North Korea warned it would close the last road link across the increasingly tense peninsula if the South goes ahead with a threat to broadcast anti-Pyongyang propaganda into its hermit neighbour.
Tensions are mounting after the South blamed the North for torpedoing one of its warships, killing 46 sailors.
Following is a look at what may have motivated the North to raise the stakes by sinking the South Korean corvette Cheonan and how it may react to the hard line from the conservative South Korean government of President Lee Myung-bak:
One popularly ascribed motive for the March 26 sinking of the Cheonan was payback for a humiliating defeat in a naval clash in November near their disputed maritime border. The South’s navy was operating under new rules of engagement imposed after Lee took office, to strike fast and strike to win decisively.
The humiliation may have been all the greater because the North, and its self proclaimed “invincible” army, got pounded when it may not even have been looking for a fight in the first place. “It’s a case of getting beaten up when they weren’t even being very cocky,” an expert on the North’s propaganda said.
By most accounts, Kim Jong-il would have to have agreed to the torpedo attack. What may have come as a surprise was that the South was able to come up with evidence — some remains of the torpedo — to prove the North’s involvement.
LEADER UNDER PRESSURE
Some experts say that the attack seems to have been disproportionate to the North’s losses in the November skirmish, especially as most North Koreans would have had no idea the clash had even taken place, and certainly not that it lost.
One explanation is that the reclusive Kim, known at home as the “Dear Leader”, is struggling to secure the succession of his youngest son to head the family dynasty that has run the North since its founding after World War Two.
As a result, he needs to display his strength, especially to the military elite that he has nurtured and put at the top of society’s hierarchy.
Kim himself looks in poor health after an apparent stroke nearly two years ago. His government also reportedly faced rare public unrest after a disastrous change in the value of the currency late last year forced the closure of private markets, which help make up for the state’s inability to supply its own people with enough food.
Dictatorships undergoing internal political turmoil tend to manifest disproportionately belligerent behaviour to the outside world, said Victor Cha, a U.S. expert who had been involved in negotiations with the North.
North Korea has often staged provocative incidents as a way to get back to the negotiating table with the South and regional powers to extract economic and political concessions.
If this was the motive, then it backfired. Whatever inclination there may have been to bring the six regional powers back together to formulate a massive package of aid to the North in return for Pyongyang’s promise to dismantle its nuclear arms programme all but disappeared with the sinking of the Cheonan.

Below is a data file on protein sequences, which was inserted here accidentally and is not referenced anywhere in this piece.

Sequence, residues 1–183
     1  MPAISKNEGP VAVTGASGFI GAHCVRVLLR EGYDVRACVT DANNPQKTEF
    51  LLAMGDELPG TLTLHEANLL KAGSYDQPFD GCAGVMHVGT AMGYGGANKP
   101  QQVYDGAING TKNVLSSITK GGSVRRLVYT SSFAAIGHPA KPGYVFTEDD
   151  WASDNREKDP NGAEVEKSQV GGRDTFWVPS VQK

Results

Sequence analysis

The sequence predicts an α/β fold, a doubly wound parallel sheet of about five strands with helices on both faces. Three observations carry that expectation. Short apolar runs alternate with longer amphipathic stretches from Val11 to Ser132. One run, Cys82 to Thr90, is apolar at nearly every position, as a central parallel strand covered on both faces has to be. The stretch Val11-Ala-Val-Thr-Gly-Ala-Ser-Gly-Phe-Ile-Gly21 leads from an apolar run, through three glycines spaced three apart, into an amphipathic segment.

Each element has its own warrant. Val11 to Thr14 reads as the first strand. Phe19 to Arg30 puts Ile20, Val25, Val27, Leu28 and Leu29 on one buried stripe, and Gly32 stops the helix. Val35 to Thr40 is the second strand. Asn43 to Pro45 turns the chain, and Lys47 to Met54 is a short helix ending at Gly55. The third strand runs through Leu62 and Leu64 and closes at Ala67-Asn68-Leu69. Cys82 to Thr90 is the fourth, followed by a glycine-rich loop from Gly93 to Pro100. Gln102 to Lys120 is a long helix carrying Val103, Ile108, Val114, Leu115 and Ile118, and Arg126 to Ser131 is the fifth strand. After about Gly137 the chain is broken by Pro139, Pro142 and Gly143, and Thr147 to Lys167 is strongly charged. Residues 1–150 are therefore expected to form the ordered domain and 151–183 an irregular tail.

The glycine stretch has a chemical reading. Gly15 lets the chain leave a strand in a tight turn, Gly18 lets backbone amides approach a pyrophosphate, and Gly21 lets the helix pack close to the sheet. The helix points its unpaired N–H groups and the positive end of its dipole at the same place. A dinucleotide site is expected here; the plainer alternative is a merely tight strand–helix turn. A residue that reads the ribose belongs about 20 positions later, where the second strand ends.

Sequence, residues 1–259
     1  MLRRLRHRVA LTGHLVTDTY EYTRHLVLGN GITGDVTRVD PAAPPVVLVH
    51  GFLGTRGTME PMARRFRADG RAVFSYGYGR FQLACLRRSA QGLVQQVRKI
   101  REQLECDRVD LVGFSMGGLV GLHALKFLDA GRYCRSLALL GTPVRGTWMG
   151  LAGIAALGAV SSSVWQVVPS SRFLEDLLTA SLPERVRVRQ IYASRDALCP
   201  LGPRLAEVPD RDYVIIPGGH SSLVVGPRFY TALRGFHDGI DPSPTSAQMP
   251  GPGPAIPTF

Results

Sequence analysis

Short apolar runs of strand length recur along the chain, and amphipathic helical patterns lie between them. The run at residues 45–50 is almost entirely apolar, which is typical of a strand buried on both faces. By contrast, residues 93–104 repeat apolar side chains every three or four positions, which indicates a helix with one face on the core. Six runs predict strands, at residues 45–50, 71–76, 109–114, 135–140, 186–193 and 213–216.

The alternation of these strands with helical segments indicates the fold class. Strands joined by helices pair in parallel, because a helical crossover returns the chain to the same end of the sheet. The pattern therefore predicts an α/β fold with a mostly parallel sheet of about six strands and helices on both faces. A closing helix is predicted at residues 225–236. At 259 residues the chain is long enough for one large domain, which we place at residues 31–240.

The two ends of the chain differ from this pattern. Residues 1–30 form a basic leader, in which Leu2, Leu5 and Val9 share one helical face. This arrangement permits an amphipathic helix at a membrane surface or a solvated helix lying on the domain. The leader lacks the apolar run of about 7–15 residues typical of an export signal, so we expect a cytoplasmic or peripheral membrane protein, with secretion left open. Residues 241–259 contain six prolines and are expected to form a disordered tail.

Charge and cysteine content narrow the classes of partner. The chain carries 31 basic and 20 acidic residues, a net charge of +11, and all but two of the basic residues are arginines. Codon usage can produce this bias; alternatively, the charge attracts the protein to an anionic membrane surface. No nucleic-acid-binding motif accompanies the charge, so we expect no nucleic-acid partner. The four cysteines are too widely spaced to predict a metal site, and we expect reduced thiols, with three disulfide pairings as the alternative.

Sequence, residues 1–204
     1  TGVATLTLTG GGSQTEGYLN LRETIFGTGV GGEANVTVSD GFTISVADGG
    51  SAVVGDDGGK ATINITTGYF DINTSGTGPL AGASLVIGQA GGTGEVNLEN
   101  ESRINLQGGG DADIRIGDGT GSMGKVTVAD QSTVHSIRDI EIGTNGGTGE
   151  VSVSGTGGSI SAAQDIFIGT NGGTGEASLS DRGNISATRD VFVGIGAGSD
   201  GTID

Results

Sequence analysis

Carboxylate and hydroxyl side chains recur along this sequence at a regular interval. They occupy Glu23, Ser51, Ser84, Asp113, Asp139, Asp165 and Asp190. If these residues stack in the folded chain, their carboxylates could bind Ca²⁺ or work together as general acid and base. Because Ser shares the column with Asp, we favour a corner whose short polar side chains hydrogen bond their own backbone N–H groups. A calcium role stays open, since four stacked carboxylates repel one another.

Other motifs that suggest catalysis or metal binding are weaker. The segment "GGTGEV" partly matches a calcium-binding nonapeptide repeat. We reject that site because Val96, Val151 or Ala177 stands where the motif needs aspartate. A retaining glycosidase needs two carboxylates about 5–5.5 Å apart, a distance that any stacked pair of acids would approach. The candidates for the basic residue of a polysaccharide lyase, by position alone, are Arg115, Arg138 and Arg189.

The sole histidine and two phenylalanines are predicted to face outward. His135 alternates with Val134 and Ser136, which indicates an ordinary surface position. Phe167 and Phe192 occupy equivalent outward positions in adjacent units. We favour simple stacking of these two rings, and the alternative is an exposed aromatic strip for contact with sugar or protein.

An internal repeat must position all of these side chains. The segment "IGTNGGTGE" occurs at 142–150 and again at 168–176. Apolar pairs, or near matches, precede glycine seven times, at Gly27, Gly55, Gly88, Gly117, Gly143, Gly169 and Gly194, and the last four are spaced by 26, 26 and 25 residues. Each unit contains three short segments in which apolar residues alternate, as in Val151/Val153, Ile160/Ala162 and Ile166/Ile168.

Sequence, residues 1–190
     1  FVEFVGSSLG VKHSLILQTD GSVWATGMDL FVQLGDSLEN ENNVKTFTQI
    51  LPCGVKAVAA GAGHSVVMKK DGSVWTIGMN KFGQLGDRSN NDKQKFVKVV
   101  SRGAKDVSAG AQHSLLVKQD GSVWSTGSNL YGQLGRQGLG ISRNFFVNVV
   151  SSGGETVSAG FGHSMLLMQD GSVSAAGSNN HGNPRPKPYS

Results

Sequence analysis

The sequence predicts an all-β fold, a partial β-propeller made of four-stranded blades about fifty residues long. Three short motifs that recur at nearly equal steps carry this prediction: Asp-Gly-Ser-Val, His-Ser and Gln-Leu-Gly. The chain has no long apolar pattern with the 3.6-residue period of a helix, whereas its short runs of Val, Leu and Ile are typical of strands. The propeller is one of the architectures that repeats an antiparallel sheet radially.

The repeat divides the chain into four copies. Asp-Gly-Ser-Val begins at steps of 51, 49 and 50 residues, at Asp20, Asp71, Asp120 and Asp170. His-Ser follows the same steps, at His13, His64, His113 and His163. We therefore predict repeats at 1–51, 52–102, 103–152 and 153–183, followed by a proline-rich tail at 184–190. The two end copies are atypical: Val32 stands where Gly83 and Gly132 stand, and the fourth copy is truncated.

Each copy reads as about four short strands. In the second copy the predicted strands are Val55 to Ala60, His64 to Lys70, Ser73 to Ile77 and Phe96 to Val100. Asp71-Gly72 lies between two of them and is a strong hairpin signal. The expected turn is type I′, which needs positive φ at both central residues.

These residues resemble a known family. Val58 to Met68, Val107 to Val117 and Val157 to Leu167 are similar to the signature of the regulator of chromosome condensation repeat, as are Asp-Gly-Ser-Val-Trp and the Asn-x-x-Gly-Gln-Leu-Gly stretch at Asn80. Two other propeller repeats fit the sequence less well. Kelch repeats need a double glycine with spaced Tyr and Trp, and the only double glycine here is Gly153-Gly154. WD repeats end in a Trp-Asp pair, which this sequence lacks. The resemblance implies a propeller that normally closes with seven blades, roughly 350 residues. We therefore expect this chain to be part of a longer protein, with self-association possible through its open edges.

Kim Jong-il’s interest may have been more in separate talks with the United States to discuss a permanent peace treaty to replace the armistice that ended fighting in the 1950-53 Korean War, than with the group hosted by China and also involved South Korea, Japan and Russia.
Some analysts and defectors from the North say the leaders in Pyongyang have a genuine fear of an invasion by the United States launched from the soil of its ally, South Korea. There is also huge mileage for domestic propaganda purposes in telling its public that it was negotiating with the United States on equal footing. Staging a deadly attack in the waters near a naval border it had disputed gives the North’s military an excuse to demand talks on ending a truce.
This is a variation on the above scenario, with the difference that the North is looking for a security framework instead of aid. The Cheonan sinking is the latest in a series of incidents along the disputed maritime border in the Yellow Sea, including an exchange of artillery fire in January.
Kim Jong-il may be hoping to goad the United States into taking more seriously his demands to agree finally a peace treaty to end formally the 1950-53 Korean War. Washington has been reluctant to be lured into those talks, arguing the North must first give up its efforts to build nuclear weapons.
Much of the justification for his iron rule, and extreme poverty that faces most of his population, is that it is the only way to keep a belligerent United States at bay. A peace treaty would not only allow him to stop raiding his depleted treasury to pay for one of the world’s largest standing armies, some analysts say it would also open the way to international financial aid for his broken economy.
The peninsula remains in a technical state of war because the Korean War ended in a truce, not a peace treaty. If Kim keeps making the Yellow Sea border — drawn unilaterally by the U.S.-led United Nations Command at the end of the war — a combat zone, maybe that would eventually lead to peace treaty talks. After all, previous instances of North Korean misbehaviour resulted in negotiations that led to benefits.
ARMS SALES DEMO
North Korea depended heavily on exports of missile and artillery parts for a large part of its income before U.N. sanctions last year for testing a nuclear device sharply cut off its trade. It may have wanted to demonstrate its capabilities in submarine and torpedo warfare.
(Editing by Jonathan Thatcher and Bill Tarrant)